This is usually the first stop for anyone visiting Sequoia National Park. The Foothills Visitor Center offers information on planning park tours, hikes, exhibits, first aid, as well as maps, books and nature-related gifts. The center's free exhibition room offers exhibits on hill ecology and human history. Free ranger-led programs are available during the summer from this visitor center. During the summer months, Crystal Cave tickets can be purchased here. There are also public restrooms on site, but there is nowhere to buy a coffee or eat something. Open year-round daily from 8:00 to 16:30 from mid-March to late November and from 9:00 to 16:00 from December to mid-March.
This museum provides a basic introduction to the Giant Forest's main features, including its gigantic redwoods, meadows and human history. The museum is designed to serve as a starting point for visits to the grove, providing an opportunity to learn the history of the giant sequoias and the Giant Forest. There are exhibitions and a film showing in a small room.
Opposite the museum is Sentinel, a massive sequoia 78.5 meters tall and a trunk with a circumference of over 24 meters. To support the museum, the Beetle Rock building was maintained to serve as a classroom and auditorium for educational purposes. Open all year, daily from 9:00 to 16:30 / from 10:00 to 16:30 from January to mid-March.
>> LODGEPOLE VISITOR CENTER
This visitor center is intended to provide information, be an exhibition space, and a place where visitors can find books and maps that can help plan their visit to the park. Some free ranger-led programs are offered from this visitor center. Lodgepole Village offers food service, Marketplace, showers, laundry and post office. The center opens on the second Friday in May and closes on the first Friday in October daily from 8:00 am to 4:30 pm – hours may vary, see here
>> MINERAL KING RANGER STATION
This ranger station is set back from the rest of the park's attractions, located in a mixed coniferous forest at a selection of 2,320 meters. It houses some exhibits on Mineral King's human and natural history. Books, maps and educational items for sale. Generally open Memorial Day holiday weekend through Labor Day holiday weekend, daily 8am to 4pm / closed late September to late May
2. ATTRACTIONS ALONG GENERALS HIGHWAY
>> TUNNEL ROCK
About 2.5 km north of the Foothills Visitor Center, Tunnel Rock is a tunnel carved into a granite rock beside the Generals Highway. Before the road was widened in 1997, cars passed under this narrow passage. Currently, this passage is closed to cars, but it is possible to get to know the place by exploring it on foot.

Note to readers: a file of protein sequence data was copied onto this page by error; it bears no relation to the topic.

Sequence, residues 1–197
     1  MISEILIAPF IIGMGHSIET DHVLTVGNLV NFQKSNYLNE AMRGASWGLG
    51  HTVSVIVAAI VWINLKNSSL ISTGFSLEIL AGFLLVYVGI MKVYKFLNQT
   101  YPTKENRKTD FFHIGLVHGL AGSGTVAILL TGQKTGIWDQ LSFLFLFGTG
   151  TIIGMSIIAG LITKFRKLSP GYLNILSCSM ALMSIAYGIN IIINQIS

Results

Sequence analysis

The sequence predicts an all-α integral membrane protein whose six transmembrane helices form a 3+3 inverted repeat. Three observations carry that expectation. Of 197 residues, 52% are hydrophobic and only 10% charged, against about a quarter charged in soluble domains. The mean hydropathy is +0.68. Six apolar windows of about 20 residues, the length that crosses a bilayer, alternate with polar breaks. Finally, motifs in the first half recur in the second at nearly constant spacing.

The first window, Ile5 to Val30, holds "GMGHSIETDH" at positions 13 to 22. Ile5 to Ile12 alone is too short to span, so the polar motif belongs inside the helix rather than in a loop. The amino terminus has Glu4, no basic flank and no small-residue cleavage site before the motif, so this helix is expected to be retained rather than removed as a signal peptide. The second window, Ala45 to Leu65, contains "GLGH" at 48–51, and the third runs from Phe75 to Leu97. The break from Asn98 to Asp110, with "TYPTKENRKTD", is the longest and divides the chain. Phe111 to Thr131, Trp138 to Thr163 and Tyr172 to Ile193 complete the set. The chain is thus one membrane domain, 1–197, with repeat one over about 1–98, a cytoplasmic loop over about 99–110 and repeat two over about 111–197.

>> ROCK HOSPITAL
Hospital Rock is a large quartz rock located just off Generals Highway. In the past, the site was once home to 500 Native Americans from the Potwisha tribe. Archaeological evidence shows that settlements were made in the area before 1350 and even today it is possible to find petroglyphs. The Amerindians used this place mainly in the winter months. Currently, Rock Hospital is a public archaeological site. Leave the car parked in the area where there are picnic tables and cross the road on foot to reach Hospital Rock.
>> AMPHITHEATER POINT
This is a roadside lookout that offers a great side view of Moro Rock along with views from the foothills of the mountains to the alpine peaks. It is worth stopping for a while to admire the beautiful views if the day is sunny.
>> MORO ROCK
Moro Rock is a granite dome rock formation over 2,000 meters high. It is located in the center of the park, at the head of Moro Creek, between Giant Forest and Crescent Meadow. A 400-step staircase was built in the 1930s so visitors can walk to the top. The road to Moro Rock is closed in winter and visitors need to walk more than 3 km to reach the viewpoint. Since 2007, on summer weekends, the road is closed to private vehicles and free buses are the only way to reach Moro Rock.
>> TUNNEL LOG
Tunnel Log is a tunnel built through a fallen redwood tree along Crescent Meadow Road in Giant Forest. The sequoia is known to have fallen by natural causes in 1937. When it fell, it was about 83.8 meters high and 6.4 meters in diameter at the base. It is believed that, at the time, the age of the sequoia could exceed 2,000 years. The tunnel, which remains in use today, is about 5.2 meters wide by 2.4 meters high.